We're introducing a reactive dog rating system as well, with Rocky Point being the first trail to receive this rating at 3 out of 4 paws.
Pros: Not busy at nonpeak times, generally enough space to pull over if needed, leashes required.
Cons: Leashes not always used, potential to be very busy, there's not a total guarantee you will find a spot to pull over when encountering other hikers and their dogs, and you'll also be sharing the trail with cyclists - something to bear in mind if bicycles tend to overwhelm your dog.
Gear used during this hike:
Roamer Bungee Dog Leash by Ruffwear - Go hands free by fastening it around your waist. I like the Roamer because it's longer than your average leash and includes the bungee portion in the event that my dog makes a quick move. You can also shorten the waist portion to be used as a regular handle. The bit that goes around your waist is also padded.
Quencher Packable Dog Bowl by Ruffwear - Always make sure to bring extra water for your dog and keep them adequately hydrated on hikes, especially during warm weather. This bowl is lightweight and well made. I've been using it for a couple of years now after my old Outward Hound bowl sprung a leak. Mine is in Tumalo Teal, a very cute color!
Zuke's Mini Naturals - I love these treats because they are small, soft, and only a few calories. Perfect for taking on outings. They have a variety of meat options which is great for dogs with typical allergies like chicken and beef. I most often purchase the rabbit variety. My dog is also allergic to apples and potatoes, which seem to be in almost every dog food and treat known to man. When I find a good product that doesn't contain these ingredients I stick with it! You also can't beat the price point, as many natural treats can be cost prohibitive.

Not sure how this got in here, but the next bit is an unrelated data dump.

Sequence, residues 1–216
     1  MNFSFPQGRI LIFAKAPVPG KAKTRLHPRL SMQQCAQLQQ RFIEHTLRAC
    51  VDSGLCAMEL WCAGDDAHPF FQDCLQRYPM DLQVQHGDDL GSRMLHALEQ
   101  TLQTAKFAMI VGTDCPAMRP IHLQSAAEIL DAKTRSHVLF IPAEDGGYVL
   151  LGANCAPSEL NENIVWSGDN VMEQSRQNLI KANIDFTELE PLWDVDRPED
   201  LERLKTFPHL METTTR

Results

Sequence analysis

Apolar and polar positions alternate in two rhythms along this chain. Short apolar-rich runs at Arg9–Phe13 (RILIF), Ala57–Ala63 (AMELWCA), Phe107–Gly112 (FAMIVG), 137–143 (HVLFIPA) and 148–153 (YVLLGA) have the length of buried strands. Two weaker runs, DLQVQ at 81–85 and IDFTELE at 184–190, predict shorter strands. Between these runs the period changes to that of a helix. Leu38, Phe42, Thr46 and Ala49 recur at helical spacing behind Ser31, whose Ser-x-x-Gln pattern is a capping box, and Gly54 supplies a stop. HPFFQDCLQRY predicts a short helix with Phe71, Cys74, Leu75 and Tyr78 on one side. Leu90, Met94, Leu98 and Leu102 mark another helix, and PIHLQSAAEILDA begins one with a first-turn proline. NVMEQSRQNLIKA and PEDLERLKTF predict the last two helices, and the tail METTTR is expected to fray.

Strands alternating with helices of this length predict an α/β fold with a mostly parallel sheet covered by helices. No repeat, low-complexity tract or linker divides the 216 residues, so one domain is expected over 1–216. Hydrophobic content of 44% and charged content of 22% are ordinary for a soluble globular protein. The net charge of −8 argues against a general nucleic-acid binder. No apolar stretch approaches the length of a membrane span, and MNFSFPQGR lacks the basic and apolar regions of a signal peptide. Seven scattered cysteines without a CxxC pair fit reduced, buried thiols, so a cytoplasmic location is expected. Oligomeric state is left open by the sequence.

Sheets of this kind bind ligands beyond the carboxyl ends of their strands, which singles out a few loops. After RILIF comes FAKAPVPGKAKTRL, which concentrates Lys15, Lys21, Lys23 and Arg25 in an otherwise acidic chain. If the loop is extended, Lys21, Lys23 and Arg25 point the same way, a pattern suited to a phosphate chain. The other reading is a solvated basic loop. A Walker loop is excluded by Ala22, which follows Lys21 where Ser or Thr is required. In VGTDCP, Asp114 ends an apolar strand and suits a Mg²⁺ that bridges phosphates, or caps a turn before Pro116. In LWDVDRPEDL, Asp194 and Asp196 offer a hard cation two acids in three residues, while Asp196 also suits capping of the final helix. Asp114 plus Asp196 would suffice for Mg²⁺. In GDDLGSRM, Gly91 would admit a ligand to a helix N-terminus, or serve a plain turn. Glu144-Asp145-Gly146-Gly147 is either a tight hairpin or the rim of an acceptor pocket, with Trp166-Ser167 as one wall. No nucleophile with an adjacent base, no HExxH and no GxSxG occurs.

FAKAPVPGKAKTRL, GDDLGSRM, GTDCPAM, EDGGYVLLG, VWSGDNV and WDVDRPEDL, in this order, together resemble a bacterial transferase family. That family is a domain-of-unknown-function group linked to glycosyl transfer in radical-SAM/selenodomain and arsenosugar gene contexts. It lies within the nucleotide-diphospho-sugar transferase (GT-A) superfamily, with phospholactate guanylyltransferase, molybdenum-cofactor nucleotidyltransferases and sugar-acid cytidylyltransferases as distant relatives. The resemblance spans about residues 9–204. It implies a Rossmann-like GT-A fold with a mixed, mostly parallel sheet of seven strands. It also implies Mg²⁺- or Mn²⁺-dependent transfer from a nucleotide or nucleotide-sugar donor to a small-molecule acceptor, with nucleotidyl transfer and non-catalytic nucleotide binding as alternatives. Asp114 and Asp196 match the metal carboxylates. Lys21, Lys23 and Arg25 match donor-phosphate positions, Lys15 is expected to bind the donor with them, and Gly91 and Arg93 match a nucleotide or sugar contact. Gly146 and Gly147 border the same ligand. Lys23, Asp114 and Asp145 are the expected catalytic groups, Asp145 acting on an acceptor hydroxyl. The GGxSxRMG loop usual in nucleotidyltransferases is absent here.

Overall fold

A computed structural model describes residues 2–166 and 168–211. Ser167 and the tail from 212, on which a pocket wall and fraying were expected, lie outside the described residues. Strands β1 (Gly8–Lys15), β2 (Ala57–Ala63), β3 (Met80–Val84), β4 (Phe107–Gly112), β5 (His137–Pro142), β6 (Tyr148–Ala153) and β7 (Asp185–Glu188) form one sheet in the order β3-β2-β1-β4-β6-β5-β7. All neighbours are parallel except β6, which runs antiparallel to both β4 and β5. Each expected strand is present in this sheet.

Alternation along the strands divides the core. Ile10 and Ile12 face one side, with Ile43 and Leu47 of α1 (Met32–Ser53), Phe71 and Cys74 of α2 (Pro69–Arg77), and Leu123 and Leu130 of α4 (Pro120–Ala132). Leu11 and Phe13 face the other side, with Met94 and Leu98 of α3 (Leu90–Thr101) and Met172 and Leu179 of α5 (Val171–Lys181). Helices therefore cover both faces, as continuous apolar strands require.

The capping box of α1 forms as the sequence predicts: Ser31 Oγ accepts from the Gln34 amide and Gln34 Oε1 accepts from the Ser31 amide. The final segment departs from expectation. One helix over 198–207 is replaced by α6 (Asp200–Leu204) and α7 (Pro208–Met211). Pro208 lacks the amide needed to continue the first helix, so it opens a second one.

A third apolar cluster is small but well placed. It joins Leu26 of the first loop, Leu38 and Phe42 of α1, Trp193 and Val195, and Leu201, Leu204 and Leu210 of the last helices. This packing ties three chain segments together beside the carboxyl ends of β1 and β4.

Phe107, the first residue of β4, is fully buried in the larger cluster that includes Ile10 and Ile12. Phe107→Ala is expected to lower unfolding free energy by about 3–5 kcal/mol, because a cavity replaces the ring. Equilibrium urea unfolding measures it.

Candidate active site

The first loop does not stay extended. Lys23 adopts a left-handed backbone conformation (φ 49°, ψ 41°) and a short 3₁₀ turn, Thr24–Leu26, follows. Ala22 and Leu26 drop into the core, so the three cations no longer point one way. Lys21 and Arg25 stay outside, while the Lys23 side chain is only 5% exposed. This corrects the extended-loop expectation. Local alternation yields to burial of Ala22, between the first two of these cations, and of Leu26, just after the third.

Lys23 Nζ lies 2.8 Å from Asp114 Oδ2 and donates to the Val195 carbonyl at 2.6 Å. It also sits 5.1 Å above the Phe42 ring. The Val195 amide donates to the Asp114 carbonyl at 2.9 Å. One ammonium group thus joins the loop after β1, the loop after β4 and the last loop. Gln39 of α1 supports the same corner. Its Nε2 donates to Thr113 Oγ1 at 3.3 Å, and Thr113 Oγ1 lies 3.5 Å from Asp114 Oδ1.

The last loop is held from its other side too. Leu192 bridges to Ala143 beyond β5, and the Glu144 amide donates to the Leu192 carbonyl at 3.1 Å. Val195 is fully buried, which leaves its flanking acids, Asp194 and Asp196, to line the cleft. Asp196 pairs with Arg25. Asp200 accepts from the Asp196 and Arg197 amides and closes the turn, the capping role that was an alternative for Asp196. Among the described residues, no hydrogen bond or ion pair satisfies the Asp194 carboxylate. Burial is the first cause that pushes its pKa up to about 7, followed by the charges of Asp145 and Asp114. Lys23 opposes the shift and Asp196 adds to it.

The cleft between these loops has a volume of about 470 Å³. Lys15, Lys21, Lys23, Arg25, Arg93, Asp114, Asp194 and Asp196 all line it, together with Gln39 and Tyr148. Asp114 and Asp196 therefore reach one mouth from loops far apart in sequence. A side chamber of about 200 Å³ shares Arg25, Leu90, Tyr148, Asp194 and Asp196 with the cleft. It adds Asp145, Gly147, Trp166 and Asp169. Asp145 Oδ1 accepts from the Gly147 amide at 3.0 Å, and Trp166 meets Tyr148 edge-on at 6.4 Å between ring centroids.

Rapid Rewards Treat Pouch from DogGone Good! The Clicker Company - You've gotta have something to put those treats in after all. I love this treat pouch and just retired my first one which I used for 4 years. The new version has a buckle instead of velcro strap, a big improvement in my opinion! This pouch also has plenty of room for poop bags and keys, though my iPhoneX does not fit in the back zipper compartment. I've also always been a fan of the magnetic closure in the main compartment of this pouch. Using a treat pouch around your waist as opposed to a plastic baggie ensures that you have those treats handy in a pinch, no fumbling through your pockets to find them! My new pouch is in lime green and I love it! Note that the link I provided does not include the belt strap, which can be found on a different page of their website.
As always, be sure to check with your veterinarian to ensure your dog is in good enough health to be your hiking companion. We hope you enjoying checking out Rocky Point Trail at Hartshorne Woods Park. Please share your photos and impressions of the hike in the comments below!
Happy hiking, friends!
*If you're interested, the trail I'm referring to is the Grand Tour Trail, with a length of 3.1 miles.